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September 6th 2019 in News

“But this changes everything!”

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Carol Berkin, Presidential Professor of History at CUNY, on how a Cundill History Prize finalist made her realise that she would have to revise every lecture she had ever written on the subject


Serving as a judge for the Cundill History Prize offered me both surprises and delights.

There was the pleasure that never pales of encountering graceful and clear writing, compelling narratives and razor sharp analyses. Add to this the fact that each of the books we debated over demonstrated the meticulous scholarship I appreciated as a research scholar myself. Some of them artfully combined the disciplines of history and literature; some deployed the tools of disciplines related to history to uncover new evidence; and many asked new questions of oft used sources in order to create a narrative far different from those of earlier scholars.

A new lens on twice-told tales

The books that carried me outside my own field of expertise widened my knowledge of the past and whetted my curiosity to know more. But perhaps the greatest impression on me was made by those volumes that used a new lens on what I had once considered twice-told tales. Here were the authors who wiped away old assumptions and challenged the old narratives I held dear – and then replaced them with an exciting new interpretation.

This was true, for example, of Sam White’s A Cold Welcome: The Little Ice Age and Europe’s Encounter with North America, one of the three finalists for the 2018 prize. Page after page I found myself silently shouting, “but this changes everything!”.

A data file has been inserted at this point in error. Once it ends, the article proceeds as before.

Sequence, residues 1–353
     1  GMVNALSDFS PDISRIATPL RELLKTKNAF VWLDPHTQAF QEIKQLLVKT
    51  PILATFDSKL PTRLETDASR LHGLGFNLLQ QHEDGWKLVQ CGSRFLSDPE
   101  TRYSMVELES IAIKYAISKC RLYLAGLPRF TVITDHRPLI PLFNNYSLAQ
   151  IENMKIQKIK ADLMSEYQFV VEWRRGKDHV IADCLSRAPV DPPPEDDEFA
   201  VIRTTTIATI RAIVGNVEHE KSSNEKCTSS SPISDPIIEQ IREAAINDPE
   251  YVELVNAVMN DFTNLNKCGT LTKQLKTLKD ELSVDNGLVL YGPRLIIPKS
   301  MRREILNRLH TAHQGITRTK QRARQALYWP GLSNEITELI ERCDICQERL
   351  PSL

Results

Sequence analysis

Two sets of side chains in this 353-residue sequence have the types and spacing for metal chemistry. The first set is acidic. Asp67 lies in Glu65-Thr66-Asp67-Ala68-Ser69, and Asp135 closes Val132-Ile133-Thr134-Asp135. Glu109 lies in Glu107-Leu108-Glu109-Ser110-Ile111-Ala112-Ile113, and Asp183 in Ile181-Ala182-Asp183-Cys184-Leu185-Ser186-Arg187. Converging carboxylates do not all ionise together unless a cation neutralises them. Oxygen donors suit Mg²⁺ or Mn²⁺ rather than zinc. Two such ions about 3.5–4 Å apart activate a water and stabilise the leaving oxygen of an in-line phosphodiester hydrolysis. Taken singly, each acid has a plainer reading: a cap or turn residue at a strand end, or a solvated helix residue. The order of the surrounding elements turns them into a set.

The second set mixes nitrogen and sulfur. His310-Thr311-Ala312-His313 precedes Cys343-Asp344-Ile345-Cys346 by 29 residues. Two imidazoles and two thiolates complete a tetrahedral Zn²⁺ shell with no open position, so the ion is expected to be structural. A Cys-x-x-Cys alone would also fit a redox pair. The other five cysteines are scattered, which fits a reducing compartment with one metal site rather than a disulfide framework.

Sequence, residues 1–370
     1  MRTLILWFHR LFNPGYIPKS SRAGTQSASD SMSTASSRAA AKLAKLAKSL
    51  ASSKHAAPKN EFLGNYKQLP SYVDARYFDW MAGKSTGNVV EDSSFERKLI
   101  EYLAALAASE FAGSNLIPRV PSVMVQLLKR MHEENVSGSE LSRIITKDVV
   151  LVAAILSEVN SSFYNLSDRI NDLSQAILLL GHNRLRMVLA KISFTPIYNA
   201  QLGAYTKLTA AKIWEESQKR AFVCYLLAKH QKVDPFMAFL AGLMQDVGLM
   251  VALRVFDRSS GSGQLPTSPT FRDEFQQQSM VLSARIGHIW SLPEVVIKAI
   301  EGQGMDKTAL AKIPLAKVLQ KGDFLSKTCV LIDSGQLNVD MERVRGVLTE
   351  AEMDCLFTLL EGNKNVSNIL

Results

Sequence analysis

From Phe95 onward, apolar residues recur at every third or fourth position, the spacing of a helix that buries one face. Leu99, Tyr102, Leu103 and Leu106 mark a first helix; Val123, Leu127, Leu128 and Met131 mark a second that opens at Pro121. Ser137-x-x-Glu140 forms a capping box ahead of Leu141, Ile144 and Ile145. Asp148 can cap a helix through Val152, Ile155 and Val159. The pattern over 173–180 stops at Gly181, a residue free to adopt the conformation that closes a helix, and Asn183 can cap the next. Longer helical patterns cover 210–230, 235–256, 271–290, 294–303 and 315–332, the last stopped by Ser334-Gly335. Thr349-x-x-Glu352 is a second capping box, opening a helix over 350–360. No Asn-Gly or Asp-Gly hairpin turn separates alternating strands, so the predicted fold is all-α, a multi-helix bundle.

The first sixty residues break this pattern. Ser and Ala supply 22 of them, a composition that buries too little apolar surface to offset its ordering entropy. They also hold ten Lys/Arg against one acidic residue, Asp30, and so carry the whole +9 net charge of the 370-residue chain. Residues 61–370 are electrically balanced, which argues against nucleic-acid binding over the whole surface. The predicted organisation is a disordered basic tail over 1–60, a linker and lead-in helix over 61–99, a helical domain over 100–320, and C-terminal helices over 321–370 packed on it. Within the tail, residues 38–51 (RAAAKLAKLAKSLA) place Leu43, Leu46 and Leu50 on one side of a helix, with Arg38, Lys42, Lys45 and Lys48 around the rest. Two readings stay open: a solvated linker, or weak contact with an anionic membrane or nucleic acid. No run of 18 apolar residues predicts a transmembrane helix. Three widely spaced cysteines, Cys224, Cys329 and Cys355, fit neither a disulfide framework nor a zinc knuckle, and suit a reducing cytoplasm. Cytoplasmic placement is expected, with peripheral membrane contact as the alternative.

White had borrowed the tools of climatology and archaeology to examine the many challenges 17th century Europeans faced as they attempted to establish colonies in North America. Realizing that a little ice age had descended upon both Europe and the American continent led him to interrogate the traditional written sources in new ways. This allowed him to unlock many of the mysteries surrounding why some colonial ventures succeeded and some failed, mysteries that had confounded the best of colonial era scholars.

A painful, yet electric realisation

His thesis was provocative, but it was grounded firmly in the principle tenets of the historian’s craft: that our work is never done and the story we tell is never complete. Yet if excitement was my first reaction to the book, my second was an audible groan; I realized I would now have to revise every lecture I had ever written on the subject. White had given me a new roadmap to follow, and it was taking me through a landscape far different from the one I had known.

I know from our discussions that other members of the jury had experienced similar calls to revision as they read books in their own fields of expertise. These were electric moments for us all.

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Carol Berkin is Presidential Professor of History, Emerita, of Baruch College & The Graduate Center, CUNY. She received her B.A. from Barnard College and her PhD from Columbia University where her dissertation received the Bancroft Award in 1972. She has written extensively on women’s history and on the American Revolution, the creation of the Constitution, and the politics of the early Republic, including her most recent book, A Sovereign People: The Crises of the 1790s and the Birth of American Nationalism. She has appeared in over a dozen documentaries on colonial, revolutionary, and civil war history, given lectures on her specialties at major universities in the United States and England, and serves on the Scholars Board of the New-York.

Sam White is a 2018 finalist for the Cundill History Prize. He is associate professor of history at the Ohio State University and currently Norman Freehling Visiting Professor at the University of Michigan.

Images (from the top): Carol Berkin at the 2018 jury in-person meeting at the British Academy; the cover of Sam White's A Cold Welcome (Harvard University Press)